With recent sewer failures along Washington Avenue and Theobald streets, city officials plan to attack another one before it happens.
Bill Burle, the owner of W.L. Burle Engineers, showed City Council members Monday at a special council meeting a photo of the corroded and cracking concrete pipe like the 20-foot section on Theobald Street that failed and was replaced this weekend.
“The failure occurred Thursday just after the rainfall event. We had sewage coming out of the street on the south and north ends of Washington so we didn't know how much of the pipe was damaged,” he said.
Initial costs for the repair was $75,000, but the open trench repair will be less than the estimate falling between $10,000 and $15,000, Burle said.
Although an earlier repair was made on Theobald Street a year ago, another failure could happen at any time before its scheduled repair in August.
Because the trench made for the repair remains open, Burle said the city should consider bidding out the 40- to 50-foot section so it does not become an emergency too.
“I’m trying to maintain the line until we pipe burst it,” he said. “This is one time we could actually plan for a replacement for Hancock instead of waiting for a failure."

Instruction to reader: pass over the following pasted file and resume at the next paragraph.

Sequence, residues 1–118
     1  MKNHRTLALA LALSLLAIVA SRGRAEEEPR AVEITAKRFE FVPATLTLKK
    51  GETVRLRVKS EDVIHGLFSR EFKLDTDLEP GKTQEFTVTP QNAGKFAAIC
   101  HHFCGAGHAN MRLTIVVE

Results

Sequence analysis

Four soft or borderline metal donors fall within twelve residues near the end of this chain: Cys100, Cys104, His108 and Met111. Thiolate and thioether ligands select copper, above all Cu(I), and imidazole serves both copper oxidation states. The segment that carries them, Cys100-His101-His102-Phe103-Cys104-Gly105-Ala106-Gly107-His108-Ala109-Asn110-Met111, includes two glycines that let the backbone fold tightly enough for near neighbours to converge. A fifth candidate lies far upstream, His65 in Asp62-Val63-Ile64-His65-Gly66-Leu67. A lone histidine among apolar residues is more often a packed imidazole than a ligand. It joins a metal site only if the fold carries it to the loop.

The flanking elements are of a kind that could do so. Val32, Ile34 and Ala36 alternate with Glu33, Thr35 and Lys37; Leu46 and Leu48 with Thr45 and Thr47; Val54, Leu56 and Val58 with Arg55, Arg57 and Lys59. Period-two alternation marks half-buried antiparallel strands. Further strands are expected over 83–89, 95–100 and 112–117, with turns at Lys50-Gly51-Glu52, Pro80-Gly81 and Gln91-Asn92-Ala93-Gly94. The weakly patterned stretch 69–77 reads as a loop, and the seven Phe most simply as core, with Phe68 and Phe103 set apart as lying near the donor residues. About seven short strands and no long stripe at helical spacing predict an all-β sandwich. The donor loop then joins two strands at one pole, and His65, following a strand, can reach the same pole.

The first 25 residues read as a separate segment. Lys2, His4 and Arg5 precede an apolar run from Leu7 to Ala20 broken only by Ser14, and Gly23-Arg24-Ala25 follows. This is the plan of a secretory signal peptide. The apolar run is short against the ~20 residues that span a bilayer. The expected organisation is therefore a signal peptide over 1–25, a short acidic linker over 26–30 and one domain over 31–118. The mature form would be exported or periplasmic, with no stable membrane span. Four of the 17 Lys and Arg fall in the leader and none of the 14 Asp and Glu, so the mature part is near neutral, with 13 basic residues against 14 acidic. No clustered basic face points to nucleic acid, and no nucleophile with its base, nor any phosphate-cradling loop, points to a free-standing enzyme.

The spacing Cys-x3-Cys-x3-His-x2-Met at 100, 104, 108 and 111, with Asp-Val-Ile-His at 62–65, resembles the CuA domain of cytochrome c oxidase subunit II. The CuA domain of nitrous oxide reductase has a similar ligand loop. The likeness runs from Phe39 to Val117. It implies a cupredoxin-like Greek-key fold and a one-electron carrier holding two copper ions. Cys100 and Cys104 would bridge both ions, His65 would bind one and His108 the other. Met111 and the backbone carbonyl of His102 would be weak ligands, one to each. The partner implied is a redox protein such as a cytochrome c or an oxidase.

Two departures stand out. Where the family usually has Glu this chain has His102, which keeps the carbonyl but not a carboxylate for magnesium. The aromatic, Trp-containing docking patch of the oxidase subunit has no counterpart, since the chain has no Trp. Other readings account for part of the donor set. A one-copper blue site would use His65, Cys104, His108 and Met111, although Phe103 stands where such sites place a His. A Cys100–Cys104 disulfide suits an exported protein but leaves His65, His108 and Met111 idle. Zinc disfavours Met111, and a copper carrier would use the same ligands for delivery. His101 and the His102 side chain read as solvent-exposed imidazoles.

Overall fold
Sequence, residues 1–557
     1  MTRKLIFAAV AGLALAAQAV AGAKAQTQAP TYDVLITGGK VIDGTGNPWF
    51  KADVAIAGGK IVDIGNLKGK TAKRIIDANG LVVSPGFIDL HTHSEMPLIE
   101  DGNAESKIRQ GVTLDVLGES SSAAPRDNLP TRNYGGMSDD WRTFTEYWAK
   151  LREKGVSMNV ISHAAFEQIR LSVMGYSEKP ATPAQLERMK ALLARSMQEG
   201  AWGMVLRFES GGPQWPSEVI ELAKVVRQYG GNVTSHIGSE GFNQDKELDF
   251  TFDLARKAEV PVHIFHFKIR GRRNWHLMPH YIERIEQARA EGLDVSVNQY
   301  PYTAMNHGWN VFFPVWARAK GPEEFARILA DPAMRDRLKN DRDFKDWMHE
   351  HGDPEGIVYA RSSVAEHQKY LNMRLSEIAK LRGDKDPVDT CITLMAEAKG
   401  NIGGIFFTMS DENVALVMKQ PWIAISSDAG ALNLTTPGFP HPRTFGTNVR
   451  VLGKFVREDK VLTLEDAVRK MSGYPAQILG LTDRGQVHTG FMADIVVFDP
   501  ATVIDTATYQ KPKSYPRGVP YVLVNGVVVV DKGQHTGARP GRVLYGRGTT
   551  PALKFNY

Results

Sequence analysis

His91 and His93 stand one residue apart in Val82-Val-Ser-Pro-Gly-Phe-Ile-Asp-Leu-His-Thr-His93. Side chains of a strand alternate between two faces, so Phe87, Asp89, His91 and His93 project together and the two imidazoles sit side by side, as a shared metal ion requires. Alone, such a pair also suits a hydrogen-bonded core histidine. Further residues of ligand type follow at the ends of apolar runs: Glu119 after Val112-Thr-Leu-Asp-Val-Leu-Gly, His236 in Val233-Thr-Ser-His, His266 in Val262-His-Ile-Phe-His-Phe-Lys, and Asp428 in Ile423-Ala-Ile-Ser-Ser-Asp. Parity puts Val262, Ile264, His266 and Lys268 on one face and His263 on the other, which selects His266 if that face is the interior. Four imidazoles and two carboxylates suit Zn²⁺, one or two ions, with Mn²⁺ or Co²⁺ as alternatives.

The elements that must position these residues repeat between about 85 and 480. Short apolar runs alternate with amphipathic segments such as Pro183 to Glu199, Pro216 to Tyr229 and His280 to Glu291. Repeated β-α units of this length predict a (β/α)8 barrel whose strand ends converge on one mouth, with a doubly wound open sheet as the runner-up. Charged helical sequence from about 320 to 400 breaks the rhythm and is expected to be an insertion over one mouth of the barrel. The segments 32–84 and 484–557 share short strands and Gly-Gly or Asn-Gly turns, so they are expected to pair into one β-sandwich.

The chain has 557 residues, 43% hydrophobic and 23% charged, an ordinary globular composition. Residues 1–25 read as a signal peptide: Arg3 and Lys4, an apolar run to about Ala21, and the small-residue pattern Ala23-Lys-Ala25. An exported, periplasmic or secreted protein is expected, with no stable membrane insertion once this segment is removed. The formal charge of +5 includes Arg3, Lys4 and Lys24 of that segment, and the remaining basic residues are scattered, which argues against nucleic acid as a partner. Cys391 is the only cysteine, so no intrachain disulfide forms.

The failures along Theobald Street are part of the more than 2.5-mile long Hancock Force Main and Pump Station project, which is set to begin this year. Total costs for the project are $4.9 million.
With more repairs already planned for the same stretch of piping, Councilwoman Carolyn Weathers asked Burle if it will result in the city spending more money.
“We’re going to put this money into this repair and are we going to come back?” she asked.
Despite more costs for the city, the risk for not making the repair is great, Burle said.
“We could roll the dice and see if it could hold out for another eight to nine months,” he said. “Right now, we’ve uncovered the pavement; it’s a sidewalk. We’re not dealing with concrete pavement. We’re not dealing with traffic.”
Even though reluctant, council members decided to allow bids to go out for the piping.
When repairs on the Hancock Force Main and Pump Station begin in August, a new pipe will be pulled through the section of replaced pipe.
In other council news, council members also approved City Clerk Amelia Wicks to transfer all funds from the city’s $400,000 rainy day fund for the purpose of continuing municipal operations. Rainy day funds will be returned in February once the city receives its ad valorem tax receipts.
The accounts payable claims docket totaling $556,642 was also approved.
Wicks said the docket is in addition to the $450,313 docket at Wednesday's council meeting.
“The one on your agenda for Wednesday has to approve contingent upon the availability of funds. These were some that had to be paid,” she said.